Foldable sand proof blanket

We have the Lovevery park blanket which folds up and velcro’s shut with an over the shoulder strap. But you can find loads of affordable options, some even have pockets that are also sand proof and water resistant. 

Sand proof towels

These and the previous blanket suggestion are great because they won’t get waterlogged or weighed down by trapped sand. This keeps things compact and lightweight for going up and down.

I got this pack of four towels for super cheap; but they are a little scratchy. We also have this brand which costs more, but is super soft.

Beach chairs 

I love these beach chairs you can strap to your back. These have a couple of pockets, ours even has a cooler pocket if you need to keep things cold or it becomes a great water resistant pocket too for wet clothes later on. 

If baby wearing, I strap baby on first, then the chair and then pick up any bags. 

Floats

I know floaties are controversial, but my kids love the ocean and charging big waves so we do a floatie for my toddler and this activity raft for baby.

We just loop the floatie through a hole in the raft, and use the floatie clip to hook onto a tote bag strap making it an easy, hands free add on.

Food + drink tips:

We typically do frequent short trips for just an hour or two to the beach so we eat breakfast on the way there and will either eat dinner at the beach or in the car on the way home. When my daughter was a baby, I often would sit in the back and feed her dinner so we could put her right to bed when we got home.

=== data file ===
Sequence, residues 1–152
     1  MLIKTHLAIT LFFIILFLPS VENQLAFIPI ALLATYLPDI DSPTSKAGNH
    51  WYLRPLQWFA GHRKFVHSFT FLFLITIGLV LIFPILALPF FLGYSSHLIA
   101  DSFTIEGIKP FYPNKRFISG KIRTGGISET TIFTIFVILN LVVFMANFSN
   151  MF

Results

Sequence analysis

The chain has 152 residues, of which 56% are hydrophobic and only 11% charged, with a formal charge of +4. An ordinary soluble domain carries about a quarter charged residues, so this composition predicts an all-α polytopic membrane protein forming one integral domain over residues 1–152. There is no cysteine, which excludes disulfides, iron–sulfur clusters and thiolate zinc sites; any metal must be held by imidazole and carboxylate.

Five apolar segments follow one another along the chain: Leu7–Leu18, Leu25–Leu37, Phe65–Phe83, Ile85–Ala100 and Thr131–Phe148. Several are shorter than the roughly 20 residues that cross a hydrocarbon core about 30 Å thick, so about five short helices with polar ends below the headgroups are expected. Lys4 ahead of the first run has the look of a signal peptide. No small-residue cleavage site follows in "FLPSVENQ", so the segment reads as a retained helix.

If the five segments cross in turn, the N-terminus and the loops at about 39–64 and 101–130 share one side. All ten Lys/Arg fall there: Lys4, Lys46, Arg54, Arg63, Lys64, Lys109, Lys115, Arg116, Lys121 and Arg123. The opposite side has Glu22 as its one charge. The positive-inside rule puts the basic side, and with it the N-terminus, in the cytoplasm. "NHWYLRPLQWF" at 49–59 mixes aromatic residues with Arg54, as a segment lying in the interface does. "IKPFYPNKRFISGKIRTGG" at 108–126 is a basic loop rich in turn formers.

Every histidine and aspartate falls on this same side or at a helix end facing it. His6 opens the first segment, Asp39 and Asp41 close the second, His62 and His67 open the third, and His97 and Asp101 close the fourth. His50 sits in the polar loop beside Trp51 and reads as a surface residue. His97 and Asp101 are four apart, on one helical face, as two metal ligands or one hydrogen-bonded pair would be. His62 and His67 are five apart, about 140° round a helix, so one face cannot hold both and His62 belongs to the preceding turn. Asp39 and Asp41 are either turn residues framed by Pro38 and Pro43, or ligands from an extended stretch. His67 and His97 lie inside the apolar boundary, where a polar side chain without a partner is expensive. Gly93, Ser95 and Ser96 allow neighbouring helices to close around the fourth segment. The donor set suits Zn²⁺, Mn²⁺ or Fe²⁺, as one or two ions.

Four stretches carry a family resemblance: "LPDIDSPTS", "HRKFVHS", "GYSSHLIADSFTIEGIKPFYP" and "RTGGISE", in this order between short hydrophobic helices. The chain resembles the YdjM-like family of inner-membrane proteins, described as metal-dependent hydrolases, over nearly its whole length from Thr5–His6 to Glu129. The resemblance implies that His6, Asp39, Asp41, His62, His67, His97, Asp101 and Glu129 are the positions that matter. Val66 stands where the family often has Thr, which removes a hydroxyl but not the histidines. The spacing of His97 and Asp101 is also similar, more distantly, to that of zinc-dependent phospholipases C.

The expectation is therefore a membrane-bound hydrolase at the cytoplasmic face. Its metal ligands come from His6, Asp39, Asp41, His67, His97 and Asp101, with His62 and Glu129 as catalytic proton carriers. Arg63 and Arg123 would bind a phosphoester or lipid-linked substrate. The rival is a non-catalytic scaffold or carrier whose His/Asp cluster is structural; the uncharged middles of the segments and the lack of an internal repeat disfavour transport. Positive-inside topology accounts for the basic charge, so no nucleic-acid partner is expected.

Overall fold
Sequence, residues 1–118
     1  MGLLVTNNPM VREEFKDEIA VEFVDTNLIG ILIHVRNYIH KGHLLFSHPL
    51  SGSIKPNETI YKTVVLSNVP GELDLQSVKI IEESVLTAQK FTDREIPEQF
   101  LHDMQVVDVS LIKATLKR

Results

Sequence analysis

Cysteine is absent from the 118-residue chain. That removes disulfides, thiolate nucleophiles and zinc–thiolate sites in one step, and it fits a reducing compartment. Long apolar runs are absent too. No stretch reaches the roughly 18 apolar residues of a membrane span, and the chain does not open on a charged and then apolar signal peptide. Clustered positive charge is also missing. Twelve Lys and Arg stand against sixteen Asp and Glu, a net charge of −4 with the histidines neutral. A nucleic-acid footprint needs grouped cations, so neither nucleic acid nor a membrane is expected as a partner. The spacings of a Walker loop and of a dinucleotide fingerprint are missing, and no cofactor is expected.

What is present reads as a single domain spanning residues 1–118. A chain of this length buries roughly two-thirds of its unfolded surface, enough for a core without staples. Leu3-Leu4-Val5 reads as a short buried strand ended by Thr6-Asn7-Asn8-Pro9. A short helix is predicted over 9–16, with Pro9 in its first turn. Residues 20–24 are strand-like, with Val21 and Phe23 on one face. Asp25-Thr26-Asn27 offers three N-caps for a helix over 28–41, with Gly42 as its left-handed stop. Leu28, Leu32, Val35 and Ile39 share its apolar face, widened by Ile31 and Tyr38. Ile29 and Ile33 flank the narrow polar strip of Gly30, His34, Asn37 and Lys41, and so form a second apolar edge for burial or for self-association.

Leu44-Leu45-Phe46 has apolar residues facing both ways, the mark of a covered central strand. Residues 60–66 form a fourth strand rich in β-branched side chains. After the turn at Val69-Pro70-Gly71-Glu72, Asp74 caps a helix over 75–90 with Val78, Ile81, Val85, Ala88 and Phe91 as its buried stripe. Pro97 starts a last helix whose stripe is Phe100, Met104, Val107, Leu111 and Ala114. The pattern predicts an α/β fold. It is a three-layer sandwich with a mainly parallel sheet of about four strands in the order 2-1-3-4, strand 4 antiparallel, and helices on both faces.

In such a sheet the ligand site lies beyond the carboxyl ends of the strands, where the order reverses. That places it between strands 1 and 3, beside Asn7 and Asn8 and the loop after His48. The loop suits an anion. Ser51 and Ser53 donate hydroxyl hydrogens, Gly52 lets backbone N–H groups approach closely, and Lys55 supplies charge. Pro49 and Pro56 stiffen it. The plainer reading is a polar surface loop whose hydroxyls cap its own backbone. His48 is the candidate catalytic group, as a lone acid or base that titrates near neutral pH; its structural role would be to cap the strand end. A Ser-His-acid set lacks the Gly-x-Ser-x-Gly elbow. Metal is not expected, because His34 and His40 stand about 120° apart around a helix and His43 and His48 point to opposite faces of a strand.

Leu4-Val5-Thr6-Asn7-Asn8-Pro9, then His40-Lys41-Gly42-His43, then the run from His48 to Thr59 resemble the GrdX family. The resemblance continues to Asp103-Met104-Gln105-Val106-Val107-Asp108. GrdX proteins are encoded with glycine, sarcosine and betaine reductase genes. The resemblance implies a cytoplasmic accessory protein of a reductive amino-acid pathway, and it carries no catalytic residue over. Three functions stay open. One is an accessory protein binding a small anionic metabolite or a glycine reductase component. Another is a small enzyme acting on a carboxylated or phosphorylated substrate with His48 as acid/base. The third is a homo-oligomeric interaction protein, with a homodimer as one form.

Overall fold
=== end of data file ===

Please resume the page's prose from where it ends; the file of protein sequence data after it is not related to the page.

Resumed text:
I suggest these water bottles for kids because the straw folds down making sand less likely to get in there. I also suggest mixing your kids water with some aloe juice or coconut water and a pinch of salt and cream of tartar so it acts more like an electrolyte drink to keep them hydrated versus empty or “thirsty” water.

For foods, we do a lot of fresh fruit and reach for red/orange/yellow foods typically. Basically some studies suggest lycopene found in red, yellow, and orange foods may have photoprotective benefits, meaning it offers skin protection against UV light. So we pack watermelon, carrots, strawberries, raspberries, golden kiwis, mangoes and oranges a lot. When we get home I’ll often eat a tomato and cucumber salad with goat cheese for lunch on those days. We also do grapes, meat sticks and cheese sticks a lot.

I suggest bringing a little snack cup for each kid. This way you can portion out from the family stuff into their cups and sandy hands only get in their cup, not the family bag. I also keep a pail of water nearby during snack time to quickly rinse hands before eating.

We'll also pack bento boxes for the kids, so only sandy hands get in their own food boxes.

Leaving the beach

As far as leaving the beach with as little sand as possible, we get all of our stuff packed and ready, then do a final dunk in the ocean with the kid we plan to hold while walking back to the car. This makes rinsing off and sand exposure super minimal as no one is sitting back down in the sand, and we are keeping them off as much as possible in that final leg.

We typically keep our dry clothes in the car as well as a spare towel or two in the car to ensure they don’t get wet and sandy.